There’s an old joke about Charleston, South Carolina, with the punch line, “You can’t get there from here.” While this is intended as a humorous jab at the inability of people in a locale to give directions to strangers, it misses the mark. The fact is, you can get to Charleston from just about anywhere, and once there, the wonders of this historic city are easily accessible from just about anywhere.
A Long and Interesting History
The second largest city in South Carolina, Charleston was established in 1670 and originally named Charles Town. Just 20 years after it was founded, Charles Town was the fifth largest city in North America, and remained in the top ten in size through the mid 1800s. Originally established on the west bank of the Ashley River, it was relocated to Oyster Point in 1680, and changed its name to Charleston in 1783.
The prominence of churches in the city’s low-rise landscape has given it the nickname ‘The Holy City” for many people. During colonial times, the Carolinas were rare among the thirteen colonies in that they tolerated all Protestant religions, and, although Roman Catholics were not welcomed, Jews were allowed to practice their faith without restriction. Charleston is home to Kahal Kadosh Beth Elohim, the fourth oldest Jewish congregation in the continental United States.
Located in South Carolina’s low country, Charleston was also the port of entry for more than half the Africans brought to the American colonies as slaves according to some historians. Many of these slaves came from Sierra Leone and Ghana, countries known for rice production, to work the rice plantations in the coastal regions, and by 1720, Africans outnumbered Europeans in the colony. One famous slave who entered America through Charleston was Denmark Vesey, who was brought to the area from St. Thomas after he was purchased by Captain Joseph Vesey. Denmark Vesey is best remembered as the planner of the unsuccessful Charleston Slave Rebellion of 1822, which led to the establishment of a military garrison to contain future attempts of slaves to rebel. This garrison later became a military college known as the Citadel; an institution that still produces a large number of the U.S. military’s officer corps.
A Great Place to Visit
Charleston, despite its sometimes checkered past, is a city that still retains a lot of its historic charm, and is regularly ranked as one of America’s most visited cities. Regardless of the visitor’s interests, this city offers something that will meet his or her desires.
The historic Charleston City Market, located near the harbor, is popular with locals as well as visitors. Merchants sell their wares in open-air buildings in an area encompassing four city blocks, and have something for everyone, from art, pottery, clothing, or local sweets. It’s open throughout the year and on Thursday, Friday and Saturday offers a seasonal night and art market that’s open until 10:30 p.m.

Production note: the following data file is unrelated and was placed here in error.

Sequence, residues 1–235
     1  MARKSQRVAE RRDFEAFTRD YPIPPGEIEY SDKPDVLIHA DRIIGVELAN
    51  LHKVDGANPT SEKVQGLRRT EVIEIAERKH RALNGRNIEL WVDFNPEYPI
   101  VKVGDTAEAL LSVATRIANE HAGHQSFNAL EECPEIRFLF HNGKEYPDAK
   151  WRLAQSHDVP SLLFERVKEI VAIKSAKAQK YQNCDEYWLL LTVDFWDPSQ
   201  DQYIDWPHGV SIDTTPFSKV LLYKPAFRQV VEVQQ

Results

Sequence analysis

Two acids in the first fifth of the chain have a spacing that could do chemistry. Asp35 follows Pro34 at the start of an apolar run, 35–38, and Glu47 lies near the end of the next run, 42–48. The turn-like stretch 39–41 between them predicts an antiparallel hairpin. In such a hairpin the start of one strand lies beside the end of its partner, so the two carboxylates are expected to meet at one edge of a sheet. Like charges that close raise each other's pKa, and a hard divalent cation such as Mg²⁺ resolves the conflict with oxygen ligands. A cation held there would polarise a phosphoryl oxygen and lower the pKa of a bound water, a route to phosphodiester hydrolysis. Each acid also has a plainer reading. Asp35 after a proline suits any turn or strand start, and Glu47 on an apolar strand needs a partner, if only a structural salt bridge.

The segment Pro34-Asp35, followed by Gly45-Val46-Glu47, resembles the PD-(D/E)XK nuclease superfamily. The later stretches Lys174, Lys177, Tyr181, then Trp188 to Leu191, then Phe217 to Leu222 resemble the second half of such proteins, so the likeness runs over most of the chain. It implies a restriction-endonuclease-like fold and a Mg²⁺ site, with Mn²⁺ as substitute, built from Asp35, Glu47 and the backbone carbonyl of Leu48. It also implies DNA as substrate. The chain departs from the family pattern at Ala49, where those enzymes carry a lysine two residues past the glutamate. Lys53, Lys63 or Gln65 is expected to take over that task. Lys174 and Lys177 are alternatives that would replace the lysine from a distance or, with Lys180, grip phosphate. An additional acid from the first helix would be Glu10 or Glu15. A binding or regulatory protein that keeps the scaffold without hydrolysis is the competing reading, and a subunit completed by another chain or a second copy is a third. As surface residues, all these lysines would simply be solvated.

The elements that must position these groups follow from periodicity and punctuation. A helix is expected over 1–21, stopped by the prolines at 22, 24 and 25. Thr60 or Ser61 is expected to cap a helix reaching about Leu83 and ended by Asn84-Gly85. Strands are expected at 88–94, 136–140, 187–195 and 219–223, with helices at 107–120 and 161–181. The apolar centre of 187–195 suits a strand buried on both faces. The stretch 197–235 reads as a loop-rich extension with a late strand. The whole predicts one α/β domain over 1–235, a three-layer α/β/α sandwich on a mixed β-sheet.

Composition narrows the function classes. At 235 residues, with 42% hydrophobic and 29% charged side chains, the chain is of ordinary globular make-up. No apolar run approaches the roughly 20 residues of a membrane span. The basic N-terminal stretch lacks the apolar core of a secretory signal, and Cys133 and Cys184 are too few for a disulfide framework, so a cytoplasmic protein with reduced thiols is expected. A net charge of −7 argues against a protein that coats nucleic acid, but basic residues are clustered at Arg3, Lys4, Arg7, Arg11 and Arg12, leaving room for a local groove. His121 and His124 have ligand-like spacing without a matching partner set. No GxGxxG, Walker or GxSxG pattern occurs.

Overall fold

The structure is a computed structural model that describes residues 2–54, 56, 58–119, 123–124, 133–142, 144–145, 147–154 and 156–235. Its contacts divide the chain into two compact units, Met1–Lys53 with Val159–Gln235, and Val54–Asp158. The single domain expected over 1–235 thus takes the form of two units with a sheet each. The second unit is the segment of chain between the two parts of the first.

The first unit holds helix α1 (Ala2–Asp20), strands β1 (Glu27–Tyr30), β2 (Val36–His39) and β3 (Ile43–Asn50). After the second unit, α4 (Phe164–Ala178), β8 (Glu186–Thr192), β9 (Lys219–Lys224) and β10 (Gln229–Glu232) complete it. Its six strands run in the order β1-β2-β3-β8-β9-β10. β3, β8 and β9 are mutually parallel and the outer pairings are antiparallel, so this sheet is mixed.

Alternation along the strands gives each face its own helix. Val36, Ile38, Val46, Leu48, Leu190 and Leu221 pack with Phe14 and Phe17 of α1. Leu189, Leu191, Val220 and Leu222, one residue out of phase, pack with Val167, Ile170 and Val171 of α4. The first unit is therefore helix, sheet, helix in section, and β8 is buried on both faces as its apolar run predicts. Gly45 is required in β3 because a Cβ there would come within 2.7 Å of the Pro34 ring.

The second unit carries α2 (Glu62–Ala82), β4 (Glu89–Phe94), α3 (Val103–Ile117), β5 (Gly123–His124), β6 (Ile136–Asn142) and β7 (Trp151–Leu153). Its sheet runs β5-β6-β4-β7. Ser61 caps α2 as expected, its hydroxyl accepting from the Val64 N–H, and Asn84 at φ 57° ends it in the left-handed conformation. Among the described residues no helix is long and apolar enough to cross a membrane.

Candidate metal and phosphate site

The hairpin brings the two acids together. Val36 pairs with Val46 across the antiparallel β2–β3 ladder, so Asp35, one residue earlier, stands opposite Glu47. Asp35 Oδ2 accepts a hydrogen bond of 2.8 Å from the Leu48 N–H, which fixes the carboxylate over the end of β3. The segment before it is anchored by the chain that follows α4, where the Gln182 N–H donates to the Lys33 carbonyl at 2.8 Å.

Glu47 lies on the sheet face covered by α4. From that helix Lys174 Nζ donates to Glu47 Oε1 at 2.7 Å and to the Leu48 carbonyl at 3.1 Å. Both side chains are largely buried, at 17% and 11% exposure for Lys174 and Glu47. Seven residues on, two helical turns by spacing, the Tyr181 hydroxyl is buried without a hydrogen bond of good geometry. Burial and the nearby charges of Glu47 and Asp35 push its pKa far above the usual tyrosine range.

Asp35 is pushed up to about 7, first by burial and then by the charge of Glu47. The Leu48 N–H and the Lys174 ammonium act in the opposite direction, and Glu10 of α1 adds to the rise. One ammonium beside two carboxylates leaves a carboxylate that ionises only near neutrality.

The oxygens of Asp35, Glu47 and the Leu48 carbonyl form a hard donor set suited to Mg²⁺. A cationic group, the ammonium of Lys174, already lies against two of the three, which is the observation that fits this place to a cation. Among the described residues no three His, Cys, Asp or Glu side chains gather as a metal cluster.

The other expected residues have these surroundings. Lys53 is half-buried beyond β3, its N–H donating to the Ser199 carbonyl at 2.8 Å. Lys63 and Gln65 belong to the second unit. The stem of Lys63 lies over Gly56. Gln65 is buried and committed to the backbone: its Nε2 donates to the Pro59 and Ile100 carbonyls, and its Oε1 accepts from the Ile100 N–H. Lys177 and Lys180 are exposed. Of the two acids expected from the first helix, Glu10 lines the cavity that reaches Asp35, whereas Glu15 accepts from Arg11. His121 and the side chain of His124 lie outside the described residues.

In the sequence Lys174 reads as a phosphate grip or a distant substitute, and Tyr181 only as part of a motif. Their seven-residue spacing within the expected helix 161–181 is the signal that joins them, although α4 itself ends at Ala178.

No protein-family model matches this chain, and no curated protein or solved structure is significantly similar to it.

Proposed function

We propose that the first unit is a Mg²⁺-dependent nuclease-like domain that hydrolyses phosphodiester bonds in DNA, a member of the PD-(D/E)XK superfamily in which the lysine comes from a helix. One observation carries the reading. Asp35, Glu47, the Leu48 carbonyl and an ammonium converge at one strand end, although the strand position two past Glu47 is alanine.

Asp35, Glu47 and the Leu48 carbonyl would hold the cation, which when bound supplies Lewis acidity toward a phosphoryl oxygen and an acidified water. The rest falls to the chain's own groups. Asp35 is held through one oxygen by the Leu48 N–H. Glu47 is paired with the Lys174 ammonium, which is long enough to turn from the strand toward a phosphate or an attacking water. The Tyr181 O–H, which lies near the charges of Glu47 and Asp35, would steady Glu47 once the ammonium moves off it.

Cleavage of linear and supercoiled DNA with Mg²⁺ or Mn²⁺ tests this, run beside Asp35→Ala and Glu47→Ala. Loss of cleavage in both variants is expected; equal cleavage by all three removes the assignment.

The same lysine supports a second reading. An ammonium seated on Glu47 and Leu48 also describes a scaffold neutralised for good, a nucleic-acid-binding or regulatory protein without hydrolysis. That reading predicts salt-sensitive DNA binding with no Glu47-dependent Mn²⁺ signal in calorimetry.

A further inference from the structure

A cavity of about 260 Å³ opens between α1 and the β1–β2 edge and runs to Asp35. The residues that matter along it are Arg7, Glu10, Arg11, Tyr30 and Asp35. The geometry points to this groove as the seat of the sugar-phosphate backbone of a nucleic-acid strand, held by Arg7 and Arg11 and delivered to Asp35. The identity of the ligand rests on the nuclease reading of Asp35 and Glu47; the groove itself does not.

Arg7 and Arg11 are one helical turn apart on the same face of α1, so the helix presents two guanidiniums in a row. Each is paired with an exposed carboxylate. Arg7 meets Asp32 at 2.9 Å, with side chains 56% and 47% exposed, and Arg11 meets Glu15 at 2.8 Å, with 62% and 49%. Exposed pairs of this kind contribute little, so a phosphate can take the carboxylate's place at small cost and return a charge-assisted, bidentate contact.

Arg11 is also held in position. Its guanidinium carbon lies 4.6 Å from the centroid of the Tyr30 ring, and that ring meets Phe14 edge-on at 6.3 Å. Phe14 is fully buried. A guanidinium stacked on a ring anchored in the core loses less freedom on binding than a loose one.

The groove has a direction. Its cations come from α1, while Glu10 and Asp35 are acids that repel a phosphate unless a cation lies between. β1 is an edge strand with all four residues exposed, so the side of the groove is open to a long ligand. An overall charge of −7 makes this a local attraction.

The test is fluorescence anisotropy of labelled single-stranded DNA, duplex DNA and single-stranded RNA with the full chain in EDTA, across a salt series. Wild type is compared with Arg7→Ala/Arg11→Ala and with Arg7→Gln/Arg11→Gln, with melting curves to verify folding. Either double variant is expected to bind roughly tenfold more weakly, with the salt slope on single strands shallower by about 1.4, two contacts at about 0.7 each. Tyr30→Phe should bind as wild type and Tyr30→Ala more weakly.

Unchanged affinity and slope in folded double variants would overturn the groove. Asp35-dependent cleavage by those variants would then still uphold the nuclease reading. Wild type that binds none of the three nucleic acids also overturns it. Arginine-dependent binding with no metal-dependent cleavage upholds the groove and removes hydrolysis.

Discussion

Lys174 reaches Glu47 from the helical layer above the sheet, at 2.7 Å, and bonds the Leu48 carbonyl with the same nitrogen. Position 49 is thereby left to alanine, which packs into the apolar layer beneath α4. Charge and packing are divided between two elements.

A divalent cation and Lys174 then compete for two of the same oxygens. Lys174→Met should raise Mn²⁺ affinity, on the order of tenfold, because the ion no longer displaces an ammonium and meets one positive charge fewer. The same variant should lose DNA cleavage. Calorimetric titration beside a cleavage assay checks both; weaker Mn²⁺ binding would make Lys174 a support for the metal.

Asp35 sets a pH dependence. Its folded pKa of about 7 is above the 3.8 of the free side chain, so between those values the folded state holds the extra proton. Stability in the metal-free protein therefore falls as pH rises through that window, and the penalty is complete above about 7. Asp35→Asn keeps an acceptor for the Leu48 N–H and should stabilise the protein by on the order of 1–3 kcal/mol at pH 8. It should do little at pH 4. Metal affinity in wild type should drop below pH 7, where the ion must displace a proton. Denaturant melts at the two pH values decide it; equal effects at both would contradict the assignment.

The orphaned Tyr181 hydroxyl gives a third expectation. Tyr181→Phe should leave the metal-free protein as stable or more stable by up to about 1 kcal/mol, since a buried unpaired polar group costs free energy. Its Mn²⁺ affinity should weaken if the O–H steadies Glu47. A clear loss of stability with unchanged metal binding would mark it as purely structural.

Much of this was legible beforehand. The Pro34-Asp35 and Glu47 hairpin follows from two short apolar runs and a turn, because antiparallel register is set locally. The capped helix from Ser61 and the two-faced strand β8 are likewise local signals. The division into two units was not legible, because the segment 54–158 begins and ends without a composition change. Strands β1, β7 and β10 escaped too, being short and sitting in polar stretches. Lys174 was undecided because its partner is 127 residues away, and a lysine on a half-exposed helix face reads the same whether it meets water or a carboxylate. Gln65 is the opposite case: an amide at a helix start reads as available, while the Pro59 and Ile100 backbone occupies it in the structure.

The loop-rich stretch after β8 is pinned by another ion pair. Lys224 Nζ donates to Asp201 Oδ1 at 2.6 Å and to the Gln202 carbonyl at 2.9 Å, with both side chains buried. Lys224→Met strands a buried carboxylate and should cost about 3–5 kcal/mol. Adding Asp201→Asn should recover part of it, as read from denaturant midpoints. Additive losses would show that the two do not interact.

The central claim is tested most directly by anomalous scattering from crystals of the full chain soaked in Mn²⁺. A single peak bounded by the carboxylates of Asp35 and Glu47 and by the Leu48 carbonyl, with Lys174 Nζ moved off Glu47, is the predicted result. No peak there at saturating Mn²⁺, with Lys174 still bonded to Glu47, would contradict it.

Visitors can wander cobblestone streets, browse the Old City Market where Gullah ladies – descendants of the slaves who worked the rice plantations – sell exquisitely woven baskets, or view the historic plantations and mansions of wealthy colonial merchants that line the Ashley River. Hundreds of Charleston’s historic houses were built before the 1840s, with over 100 dating from the late 18th century. It’s beach resorts and inns offer miles of unspoiled beaches, marshlands, fine accommodations, and great food, all served up with traditional Charlestonian hospitality.
Nature lovers will be thrilled by a day-trip by ferry to the 60,000 acre Cape Romain National Wildlife Refuge on Bull Island, with its deserted beaches and wilderness areas, which is home to the rare red wolf.
A number of airlines, including United, Delta, American Eagle, and Southwest Airlines, offer flights to and from Charleston on a daily basis from throughout the United States, with flights to and from Washington, DC, Philadelphia, Houston, Chicago, Baltimore, Charlotte, NC, and Nashville among others.
Where to Stay
Charleston offers accommodations for every taste and budget, from historic inns to family friendly resorts and everything in between. For a taste of history and a convenient location near the city market, the French Quarter Inn is recommended.
French Quarter Inn
166 Church St.
Charleston, SC 29501